flow during the cardiac cycle. Visualization and quantification of blood flow and tissue
    motion using PC MRI has been widely used in a number of applications. In addition to
    analyzing tissue motion such as left ventricular function, time-resolved 2D PC MRI
    techniques have proven to be useful tools for the assessment of blood flow within the
    cardiovascularsystem.
    Moreover, 3D spatial encoding offers the possibility of isotropic high spatial resolution and
    thus the ability to measure and visualize the temporal evolution of complex flow and motion
    patterns in a 3D-volume. In this context, ECG synchronized and respiration controlled flow
    sensitive 3D MRI using 3-directional velocity encoding (also termed 'flow sensitive 4D MRI')
    can be employed to detect and visualize global and local blood flow characteristicsin targeted
    vascular regions (aorta, cranial arteries, carotid arteries, etc.). For the analysis and
    visualization of complex, three-directional blood flow within a 3D volume, various
    visualization tools, including 2D vector-fields, 3D streamlines and particle traces, have been
    reported. In addition more advanced data quantification strategies of directly measured (e.g.
    flow rates) or derived parameters(e.g. pressure difference maps, wallsheerstress, pulse wave
    velocity, etc.) are promising as new clinical markersfor the characterization of cardiovascular
    disease.
    Thislecture will provide an overview of the MRimaging principles and advanced acquisition
    methods, data processing, flow visualization and quantification strategies, and clinical
    applications of flow sensitive MRI imaging.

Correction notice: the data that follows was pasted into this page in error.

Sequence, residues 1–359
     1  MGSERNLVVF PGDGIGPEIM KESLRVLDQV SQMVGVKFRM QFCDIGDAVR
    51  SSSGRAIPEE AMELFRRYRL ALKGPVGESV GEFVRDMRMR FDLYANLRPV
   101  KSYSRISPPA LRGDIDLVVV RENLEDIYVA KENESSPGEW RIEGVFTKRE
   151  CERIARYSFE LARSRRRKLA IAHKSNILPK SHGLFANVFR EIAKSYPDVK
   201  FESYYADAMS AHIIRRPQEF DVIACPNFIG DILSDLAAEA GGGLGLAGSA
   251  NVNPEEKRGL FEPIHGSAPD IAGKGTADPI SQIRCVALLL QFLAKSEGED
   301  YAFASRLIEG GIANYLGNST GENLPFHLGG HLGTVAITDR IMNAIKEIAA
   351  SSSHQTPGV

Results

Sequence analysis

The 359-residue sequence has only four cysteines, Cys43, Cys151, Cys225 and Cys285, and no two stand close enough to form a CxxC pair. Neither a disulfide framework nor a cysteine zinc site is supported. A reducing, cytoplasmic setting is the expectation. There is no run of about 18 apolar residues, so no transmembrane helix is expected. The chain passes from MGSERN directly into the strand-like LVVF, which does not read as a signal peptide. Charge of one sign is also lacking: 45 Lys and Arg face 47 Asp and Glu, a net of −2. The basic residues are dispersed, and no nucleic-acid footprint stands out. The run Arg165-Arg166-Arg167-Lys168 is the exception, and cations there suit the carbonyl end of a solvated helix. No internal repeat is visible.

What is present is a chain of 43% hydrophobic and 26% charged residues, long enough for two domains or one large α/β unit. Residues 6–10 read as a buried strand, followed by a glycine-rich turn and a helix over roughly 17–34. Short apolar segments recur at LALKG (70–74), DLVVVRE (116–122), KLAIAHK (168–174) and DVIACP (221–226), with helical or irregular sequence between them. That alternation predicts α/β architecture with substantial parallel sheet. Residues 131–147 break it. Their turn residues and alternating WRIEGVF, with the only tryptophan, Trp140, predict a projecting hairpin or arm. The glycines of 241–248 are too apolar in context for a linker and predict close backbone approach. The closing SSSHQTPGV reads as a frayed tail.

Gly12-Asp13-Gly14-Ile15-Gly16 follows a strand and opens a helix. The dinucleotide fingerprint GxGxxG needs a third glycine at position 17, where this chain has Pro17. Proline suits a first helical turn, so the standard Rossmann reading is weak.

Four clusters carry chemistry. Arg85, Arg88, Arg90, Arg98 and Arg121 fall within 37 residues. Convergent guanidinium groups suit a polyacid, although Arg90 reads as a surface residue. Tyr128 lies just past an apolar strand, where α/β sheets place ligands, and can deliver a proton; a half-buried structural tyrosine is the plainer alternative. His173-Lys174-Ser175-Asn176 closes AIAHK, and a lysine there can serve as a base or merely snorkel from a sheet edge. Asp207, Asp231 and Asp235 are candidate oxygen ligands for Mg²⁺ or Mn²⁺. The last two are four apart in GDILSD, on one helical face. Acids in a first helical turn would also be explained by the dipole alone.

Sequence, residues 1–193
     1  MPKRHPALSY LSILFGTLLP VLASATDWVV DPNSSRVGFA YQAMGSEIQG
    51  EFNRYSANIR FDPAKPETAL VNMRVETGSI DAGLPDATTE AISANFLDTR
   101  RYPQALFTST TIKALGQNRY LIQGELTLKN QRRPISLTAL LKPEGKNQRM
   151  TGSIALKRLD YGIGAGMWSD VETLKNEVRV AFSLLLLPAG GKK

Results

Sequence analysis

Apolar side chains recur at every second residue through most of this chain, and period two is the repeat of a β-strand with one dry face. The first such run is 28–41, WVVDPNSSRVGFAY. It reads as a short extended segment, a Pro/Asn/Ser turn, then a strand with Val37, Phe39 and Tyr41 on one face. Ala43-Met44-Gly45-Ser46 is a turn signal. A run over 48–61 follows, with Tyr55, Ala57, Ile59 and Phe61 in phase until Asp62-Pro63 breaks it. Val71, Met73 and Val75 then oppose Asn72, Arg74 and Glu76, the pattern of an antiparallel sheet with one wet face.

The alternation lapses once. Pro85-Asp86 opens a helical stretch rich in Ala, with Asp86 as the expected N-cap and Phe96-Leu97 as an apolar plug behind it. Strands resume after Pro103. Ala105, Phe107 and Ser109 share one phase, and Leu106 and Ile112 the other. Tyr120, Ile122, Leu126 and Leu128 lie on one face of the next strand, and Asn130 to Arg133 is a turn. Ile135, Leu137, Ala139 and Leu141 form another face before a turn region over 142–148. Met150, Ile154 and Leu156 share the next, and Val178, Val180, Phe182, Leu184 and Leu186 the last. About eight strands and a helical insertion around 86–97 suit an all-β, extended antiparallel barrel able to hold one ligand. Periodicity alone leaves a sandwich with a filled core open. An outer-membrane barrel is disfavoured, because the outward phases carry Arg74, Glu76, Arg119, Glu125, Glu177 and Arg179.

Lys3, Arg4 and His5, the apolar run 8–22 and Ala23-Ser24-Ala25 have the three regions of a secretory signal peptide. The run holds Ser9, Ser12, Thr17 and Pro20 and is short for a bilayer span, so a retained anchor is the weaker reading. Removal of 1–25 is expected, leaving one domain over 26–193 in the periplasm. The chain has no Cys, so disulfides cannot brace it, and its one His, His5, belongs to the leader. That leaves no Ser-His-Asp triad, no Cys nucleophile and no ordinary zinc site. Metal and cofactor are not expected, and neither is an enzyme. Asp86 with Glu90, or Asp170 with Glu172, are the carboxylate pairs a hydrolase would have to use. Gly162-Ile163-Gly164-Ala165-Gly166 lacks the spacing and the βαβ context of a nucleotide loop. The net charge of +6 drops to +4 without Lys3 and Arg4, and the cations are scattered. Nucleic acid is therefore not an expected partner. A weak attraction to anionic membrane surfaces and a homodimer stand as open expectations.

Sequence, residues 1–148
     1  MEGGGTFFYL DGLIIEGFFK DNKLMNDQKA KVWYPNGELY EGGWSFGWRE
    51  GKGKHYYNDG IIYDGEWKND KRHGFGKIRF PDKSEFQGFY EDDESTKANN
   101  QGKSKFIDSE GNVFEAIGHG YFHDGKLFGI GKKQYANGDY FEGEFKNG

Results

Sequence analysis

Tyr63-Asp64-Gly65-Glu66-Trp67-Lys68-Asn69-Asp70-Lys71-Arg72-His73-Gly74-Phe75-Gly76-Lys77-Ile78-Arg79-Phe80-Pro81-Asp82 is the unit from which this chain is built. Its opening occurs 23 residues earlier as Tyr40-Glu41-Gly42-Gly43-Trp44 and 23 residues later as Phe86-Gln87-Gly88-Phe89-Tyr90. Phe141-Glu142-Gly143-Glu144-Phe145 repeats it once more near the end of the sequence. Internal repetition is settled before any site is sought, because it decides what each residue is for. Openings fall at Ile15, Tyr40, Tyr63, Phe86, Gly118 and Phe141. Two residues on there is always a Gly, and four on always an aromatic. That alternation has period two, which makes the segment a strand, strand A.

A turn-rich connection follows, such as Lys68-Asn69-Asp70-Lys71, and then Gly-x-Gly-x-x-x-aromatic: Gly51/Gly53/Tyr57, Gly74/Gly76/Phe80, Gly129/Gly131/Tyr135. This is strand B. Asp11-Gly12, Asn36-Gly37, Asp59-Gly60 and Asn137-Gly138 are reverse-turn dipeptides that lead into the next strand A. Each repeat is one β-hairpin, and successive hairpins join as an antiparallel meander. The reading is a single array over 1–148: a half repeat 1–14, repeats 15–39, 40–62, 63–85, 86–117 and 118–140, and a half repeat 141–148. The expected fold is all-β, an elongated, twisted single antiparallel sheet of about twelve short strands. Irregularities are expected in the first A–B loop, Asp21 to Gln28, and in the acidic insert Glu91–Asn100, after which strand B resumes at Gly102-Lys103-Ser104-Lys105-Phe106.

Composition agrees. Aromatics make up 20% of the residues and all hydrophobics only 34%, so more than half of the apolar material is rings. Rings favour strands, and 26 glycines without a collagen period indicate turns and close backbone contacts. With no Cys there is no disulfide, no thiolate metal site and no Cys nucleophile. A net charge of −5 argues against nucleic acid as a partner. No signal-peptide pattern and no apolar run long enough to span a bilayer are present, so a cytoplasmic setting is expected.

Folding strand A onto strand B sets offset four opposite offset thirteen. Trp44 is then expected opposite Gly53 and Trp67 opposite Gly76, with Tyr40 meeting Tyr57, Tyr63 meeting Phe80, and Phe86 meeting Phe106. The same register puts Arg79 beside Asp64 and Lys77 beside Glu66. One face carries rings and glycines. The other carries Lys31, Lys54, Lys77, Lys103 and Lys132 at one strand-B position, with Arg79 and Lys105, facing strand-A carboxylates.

Educational Objectives:
    1. Understand the basic and advanced methodsforflow measurements using MRI
    2. Understand techniquesfor 3D flow visualization and quantification of blood flow and
    derived parameters
    3. Understand the issuesrelated to clinical applications of flow-sensitive MRI

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  5. 51st AAPM Annual Meeting
    Ewald Roessl, Philips Research Europe - Hamburg, 22335, GERMANY
    For more information about the American Association of Physicists in Medicine, visit aapm.org/

    AbstractID: 11929 Title: Energy-sensitive, photon-counting computed
    tomography: opportunities and technological challenges.
    Recent advances in the development of direct-conversion, energy-sensitive x-ray detectors stimulate research in the domain of preclinical
    and clinical photon-counting x-ray computed tomography (CT). The ability to quantify the energy of individual X-ray photons
    allows for novel approaches to improve the soft tissue differentiation, material decomposition and labeling techniques, the suppression
    of beam-hardening artifacts as well as the potential reduction of radiation dose. Moreover, spectral data acquisition enables the
    selective and quantitative imaging of certain contrast media on top of the conventional anatomy, by tuning an energy threshold in the
    detector system to the K-edge discontinuity of the contrast generating element in the agent.
    The present lecture will provide an overview of both, the opportunities and the technological challenges arising in the context of
    clinical, energy-resolved, photon-counting CT. Some examples of potential future applications will be given together with the most
    challenging technical difficulties encountered in the use of photon counting detectors in CT. The problem of counting photons at the
    high flux conditions of clinical CT will be discussed as well as the degradation of energy resolution by effects like pulse-pileup or
    charge sharing.
    All authors are employees of Philips Research.
    Educational Objectives:
    1. To understand the physical basics of photon counting detectors and the implications on their use in x-ray computed
    tomography
    2. To learn about a possible future application of energy-sensitive CT in connection with the identification and quantification
    of contrast-agents by means of the K-edge discontinuity in the attenuation.
    3. To obtain an overview of the technological challenges to be overcome in order to realize photon-counting CT in clinical
    practice.

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2009 AAPM Annual Meeting